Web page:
Updated: Dec 17, 2019
You can define the celebration of Advent by using one word: Coming.
But there is so much more to the Advent than that word that can tell! Merriam Webster actually calls the Advent: an arrival, one that has been awaited for; especially something momentous.
I like that. It's more than a coming. It's a long-awaited, greatly-expected, monumental one! Can you feel the tension and the excitement in that description? We can read about this expected waiting all throughout the Bible. Let's start at the beginning and experience the Advent as it unfolds.
It all began with perfection.
In the beginning Adam and Eve walked and talked with God in the Garden. The Bible tells us that they were so familiar with his presence that they knew the sound of him approaching. This was a direct result of time spent daily with one another. He with them. They with him.
But sin entered to mar the perfection and separation would now be the familiar. Banished from the Garden to protect against eternal estrangement and weighted down with consequences of disobedience, Adam and Eve were given this hope: God spoke that a child from their union would come. This child would have his heel bruised but would one day, ultimately, crush the enemy that had been set loose.
Adam and Eve heard and believed - So, they waited.
So, they waited.
Time goes on and God calls a man named Abraham to go to a place that Abraham did not know of. While there, God promises to give him a great name, make a great nation out of his descendants and that through his people all the world would be blessed. Abraham heard and believed - So, he waited.
The Israelites grow into that great nation and God delivers them from even greater oppression and leads them out into the desert of Sinai. While there, God tells Moses to build a place for him, a sanctuary, that he may be their God and they his people.
The tabernacle is completed and God's glory rests upon the The Most Holy Place, and once again God dwells with man.
But the constant shedding of blood and the rituals of sacrifice are a daily reminder to the people that this is not the Garden, and this is not the same - So, they waited.
The Bible continues and every page and every story speak of something greater that is to come. A Messiah, a Deliverer that would one day claim every spoken promise and fill the longing within the hearts of those dedicated to the LORD.
Hebrews tells us that these who believed died in their faith looking and longing for the day when that greater would appear.
They heard and believed - So, they waited.
Matthew bursts on the scene with the momentous news that the "virgin will conceive and give birth to a son and they call him Immanuel". The day has finally arrived that has been longed for and all the earth rejoices as God is with us once again. Not in cloud or smoke or glory hovering over the altar, but as a baby wrapped in swaddling clothes lying in a manger.
This baby, Jesus Christ, grows into a man. He lives a perfect life, dies a sacrificial death, and is miraculously raised back to life.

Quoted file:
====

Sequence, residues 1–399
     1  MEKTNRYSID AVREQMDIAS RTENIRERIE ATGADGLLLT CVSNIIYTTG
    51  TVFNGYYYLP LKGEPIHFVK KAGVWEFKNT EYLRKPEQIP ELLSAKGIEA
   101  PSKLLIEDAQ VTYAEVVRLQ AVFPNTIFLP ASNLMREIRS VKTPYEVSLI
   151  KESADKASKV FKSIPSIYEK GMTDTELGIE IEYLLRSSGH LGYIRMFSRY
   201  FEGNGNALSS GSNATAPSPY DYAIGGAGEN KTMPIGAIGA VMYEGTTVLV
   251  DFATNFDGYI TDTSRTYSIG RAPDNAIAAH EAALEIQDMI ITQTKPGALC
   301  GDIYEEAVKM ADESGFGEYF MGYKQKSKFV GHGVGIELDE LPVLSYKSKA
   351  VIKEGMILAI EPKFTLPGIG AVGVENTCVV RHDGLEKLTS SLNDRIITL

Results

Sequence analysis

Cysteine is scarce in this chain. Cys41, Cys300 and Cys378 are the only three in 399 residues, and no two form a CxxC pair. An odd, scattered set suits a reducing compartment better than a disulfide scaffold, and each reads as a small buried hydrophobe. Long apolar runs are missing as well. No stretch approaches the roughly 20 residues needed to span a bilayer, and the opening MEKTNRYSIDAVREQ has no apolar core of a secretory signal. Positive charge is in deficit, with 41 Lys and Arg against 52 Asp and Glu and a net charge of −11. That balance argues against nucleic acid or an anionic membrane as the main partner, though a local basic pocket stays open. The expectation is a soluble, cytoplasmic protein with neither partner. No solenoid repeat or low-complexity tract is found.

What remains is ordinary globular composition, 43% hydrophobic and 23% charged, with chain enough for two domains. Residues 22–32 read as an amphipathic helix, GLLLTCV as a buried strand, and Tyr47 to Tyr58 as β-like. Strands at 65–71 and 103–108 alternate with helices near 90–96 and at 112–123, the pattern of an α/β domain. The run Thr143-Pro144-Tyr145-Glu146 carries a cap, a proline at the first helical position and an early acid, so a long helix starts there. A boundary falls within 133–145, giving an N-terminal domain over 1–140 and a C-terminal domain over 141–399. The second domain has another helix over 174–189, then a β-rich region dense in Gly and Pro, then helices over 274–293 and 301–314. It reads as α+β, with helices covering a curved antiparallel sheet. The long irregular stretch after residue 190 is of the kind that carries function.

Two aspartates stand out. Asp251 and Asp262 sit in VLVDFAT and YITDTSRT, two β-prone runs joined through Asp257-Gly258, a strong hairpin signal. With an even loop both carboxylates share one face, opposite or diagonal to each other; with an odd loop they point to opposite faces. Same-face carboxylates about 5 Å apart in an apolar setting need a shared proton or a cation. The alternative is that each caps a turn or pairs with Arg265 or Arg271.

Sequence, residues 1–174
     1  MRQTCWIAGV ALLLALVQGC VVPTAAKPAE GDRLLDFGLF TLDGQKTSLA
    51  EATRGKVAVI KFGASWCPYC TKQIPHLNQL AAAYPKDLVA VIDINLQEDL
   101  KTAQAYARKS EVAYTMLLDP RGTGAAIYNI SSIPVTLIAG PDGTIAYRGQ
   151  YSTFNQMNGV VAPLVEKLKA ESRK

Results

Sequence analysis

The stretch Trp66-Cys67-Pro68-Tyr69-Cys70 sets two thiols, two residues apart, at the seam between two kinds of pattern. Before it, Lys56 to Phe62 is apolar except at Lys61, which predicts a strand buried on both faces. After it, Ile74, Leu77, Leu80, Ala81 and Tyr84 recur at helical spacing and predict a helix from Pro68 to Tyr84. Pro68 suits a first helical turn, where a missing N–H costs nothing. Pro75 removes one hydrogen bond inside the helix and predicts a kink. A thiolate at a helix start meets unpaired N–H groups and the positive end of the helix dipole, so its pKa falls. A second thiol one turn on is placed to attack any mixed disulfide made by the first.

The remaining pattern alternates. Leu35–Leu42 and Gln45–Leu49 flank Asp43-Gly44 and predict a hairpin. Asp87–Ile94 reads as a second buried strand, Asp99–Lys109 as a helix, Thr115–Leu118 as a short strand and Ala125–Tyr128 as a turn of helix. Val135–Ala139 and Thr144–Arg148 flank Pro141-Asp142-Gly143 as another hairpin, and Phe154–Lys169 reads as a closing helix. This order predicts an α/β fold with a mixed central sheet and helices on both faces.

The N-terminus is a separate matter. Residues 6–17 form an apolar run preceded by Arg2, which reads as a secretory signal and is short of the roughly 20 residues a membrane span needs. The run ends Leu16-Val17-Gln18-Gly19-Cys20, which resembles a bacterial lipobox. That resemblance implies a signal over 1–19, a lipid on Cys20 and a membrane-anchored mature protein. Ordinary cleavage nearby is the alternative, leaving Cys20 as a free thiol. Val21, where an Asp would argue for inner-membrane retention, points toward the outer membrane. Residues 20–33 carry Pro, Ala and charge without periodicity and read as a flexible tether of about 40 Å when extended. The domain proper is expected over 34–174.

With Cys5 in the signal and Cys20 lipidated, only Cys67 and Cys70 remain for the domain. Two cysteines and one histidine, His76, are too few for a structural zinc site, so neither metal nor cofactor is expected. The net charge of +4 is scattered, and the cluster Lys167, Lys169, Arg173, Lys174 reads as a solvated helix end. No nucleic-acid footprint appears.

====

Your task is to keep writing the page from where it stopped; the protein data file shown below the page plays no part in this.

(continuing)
Then the agonizing happens.
Jesus turns to his disciples, admonishes them to spread the news of what he has done so all may hear and believe. He promises to return one day and then leaves the earth to ascend back to heaven.
And they stood and waited.
The Bible is very clear. It tells us that Christ's death was our healing and that because of this gift we now can have peace with God as we are reconciled back into his glorious presence.
But it is still not the same.
There is no walking and talking in the cool of the Garden. There is no familiar sound of his presence. There is no he with us, us with him.
Oh, yes, I know what it is to spend time with God. I understand how I allow him to move, guide, lead and direct my life. I know that he will never leave or forsake me.
But, I admit that it's not the same as if I could see him, hear his voice or touch him. I long for that. My heart aches for that - So, I wait.
I wait, you wait, we wait just like the the disciples did and all those who came before us. We wait, but not in passivity for we know just as they did that something greater is coming. We can wait celebrating the first coming, sharing the story of that Advent that brought light into darkness, as we anxiously wait for the second.
We wait, celebrating the first, while we anxiously look for the second.
Revelation tells us what that second Advent will be like. Read along with me.
And I heard a loud voice from the throne saying, “Look! God’s dwelling place is now among the people, and he will dwell with them. They will be his people, and God himself will be with them and be their God. Rev. 21:3 (emphasis mine)
No longer will there be any curse. The throne of God and of the Lamb will be in the city, and his servants will serve him. They will see his face.. and they will reign forever and ever. Rev. 22:3-5 (emphasis mine)
One day there will be no more waiting for we will be with him and he with us and we shall see his face forever. One day every tear will be wiped away and all things made new. One day the old order and curse will be forever removed.
One day will be here one day. But, for now, we wait.